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Photographer's Note

Pamukkale (cotton castle or fortress Cotton) is a Turkish village in the valley Curuksu (in ancient times known as the Valley of Lycos), about 18 km from Denizli.

Pamukkale hot springs flow from Cal Dagi mountain slopes in western Anatolia, Turkey. Water at 37 ° C is rich in dissolved calcium salts, which precipitate to fall into the valley like a series of cascades. On the slopes of a hill, thresholds are formed, creating semicircular and elliptical thermal water pools in the form of terraces. This process has been continuing uninterrupted for more than 14,000 years. These structures in Roman times were called trawertynami and are now called travertines. Most look like snow, but some have a yellowish or brown tint.

You may have seen photos of this incredible place - bright white formations protruding and “dripping” from the mountainside, filled with shimmering blue water. Those photos of pristine white terraces were taken in the 1980s. I was surprised to see in photos that people walking around with shoes, bathing and washing themselves with soap and shampoo in the pools and riding bikes and motorbikes up and down the slopes....I wondered whether the formations don’t get dirty?! Thermal water was also diverted for the nearby “thermal hotels,” causing to water flow to the terraces to cease.

Finally, someone figured out that their main attraction was no longer attractive, and things are now being done to try to restore the site to its former glory. When the area was declared a World Heritage Site, a National Park was created to protect the travertine. Built on top of the slope, the numerous hotels which had contributed to the gradual drying of thermal water sources and increasing environmental degradation were demolished. In 1997 the road leading to the natural terraces was closed. A road ramp they had been inexplicably built into the terraces in the 1980’s has been turned into artificial pools. This area is the only place open for tourists to walk through, but barefooted. Water released from the spring is now controlled and distributed only to a few pools at a time, in an effort to allow the pools natural white appearance to be maintained. The flow of water (quantity and place of flow) is regulated by the park staff in order to evenly supply the natural and artificial pools. The calcium content of flowing water is so high that it can cover the sediment thickness of 1 mm area of approximately 4.9 km2 per year.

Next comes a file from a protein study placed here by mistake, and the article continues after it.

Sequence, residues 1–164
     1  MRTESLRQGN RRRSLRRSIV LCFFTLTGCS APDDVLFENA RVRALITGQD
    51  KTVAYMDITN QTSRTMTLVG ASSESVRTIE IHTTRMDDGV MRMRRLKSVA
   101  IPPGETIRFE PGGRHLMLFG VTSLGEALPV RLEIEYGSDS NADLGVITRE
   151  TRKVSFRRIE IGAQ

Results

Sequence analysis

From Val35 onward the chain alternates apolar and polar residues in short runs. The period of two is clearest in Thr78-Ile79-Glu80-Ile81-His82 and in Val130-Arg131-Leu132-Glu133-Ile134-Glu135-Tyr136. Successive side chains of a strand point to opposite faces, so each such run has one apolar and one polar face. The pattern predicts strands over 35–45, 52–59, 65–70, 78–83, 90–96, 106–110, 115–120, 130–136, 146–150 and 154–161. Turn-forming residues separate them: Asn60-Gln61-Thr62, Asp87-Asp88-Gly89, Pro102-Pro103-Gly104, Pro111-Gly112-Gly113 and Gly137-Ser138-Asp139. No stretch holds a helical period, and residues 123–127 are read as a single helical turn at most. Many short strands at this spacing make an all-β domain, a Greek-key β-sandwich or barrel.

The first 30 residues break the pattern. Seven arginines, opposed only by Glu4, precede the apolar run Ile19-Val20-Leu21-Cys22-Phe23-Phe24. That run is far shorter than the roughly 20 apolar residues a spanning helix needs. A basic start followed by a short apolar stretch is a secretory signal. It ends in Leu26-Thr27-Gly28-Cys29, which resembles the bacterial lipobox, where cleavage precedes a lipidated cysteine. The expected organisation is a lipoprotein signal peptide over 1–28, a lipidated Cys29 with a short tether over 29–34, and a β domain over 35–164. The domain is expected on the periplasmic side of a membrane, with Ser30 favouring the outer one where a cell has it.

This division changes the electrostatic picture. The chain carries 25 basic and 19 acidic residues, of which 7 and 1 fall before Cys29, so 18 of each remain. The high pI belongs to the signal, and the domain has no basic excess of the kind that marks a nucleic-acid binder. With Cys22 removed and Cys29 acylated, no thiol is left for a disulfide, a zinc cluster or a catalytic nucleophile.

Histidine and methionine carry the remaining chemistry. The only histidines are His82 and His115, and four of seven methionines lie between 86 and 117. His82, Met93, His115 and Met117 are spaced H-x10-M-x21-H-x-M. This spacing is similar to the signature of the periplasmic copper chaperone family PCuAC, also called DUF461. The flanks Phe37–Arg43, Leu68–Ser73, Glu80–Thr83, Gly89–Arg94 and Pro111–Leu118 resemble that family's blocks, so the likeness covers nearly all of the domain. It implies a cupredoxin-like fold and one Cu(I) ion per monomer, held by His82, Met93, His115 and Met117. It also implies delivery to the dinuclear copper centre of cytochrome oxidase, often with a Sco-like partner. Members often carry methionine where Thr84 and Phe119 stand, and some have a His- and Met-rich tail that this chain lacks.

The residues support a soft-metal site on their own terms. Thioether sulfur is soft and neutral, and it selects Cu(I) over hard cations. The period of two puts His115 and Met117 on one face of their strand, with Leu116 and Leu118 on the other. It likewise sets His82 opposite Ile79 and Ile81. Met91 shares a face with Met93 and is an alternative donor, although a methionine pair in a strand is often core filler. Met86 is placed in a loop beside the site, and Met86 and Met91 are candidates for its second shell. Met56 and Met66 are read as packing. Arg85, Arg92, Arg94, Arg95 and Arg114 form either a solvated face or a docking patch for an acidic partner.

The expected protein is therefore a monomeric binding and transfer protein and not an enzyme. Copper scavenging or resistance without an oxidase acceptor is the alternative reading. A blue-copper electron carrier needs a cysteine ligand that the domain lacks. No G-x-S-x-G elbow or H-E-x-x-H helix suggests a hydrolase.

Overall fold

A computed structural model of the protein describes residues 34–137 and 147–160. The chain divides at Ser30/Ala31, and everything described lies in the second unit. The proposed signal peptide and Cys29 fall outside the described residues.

The terraces look gorgeous with the turquoise pools of water

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Additional Photos by Angshuman Chatterjee (Angshu) Gold Star Critiquer/Gold Star Workshop Editor/Gold Note Writer [C: 7852 W: 324 N: 16061] (56760)
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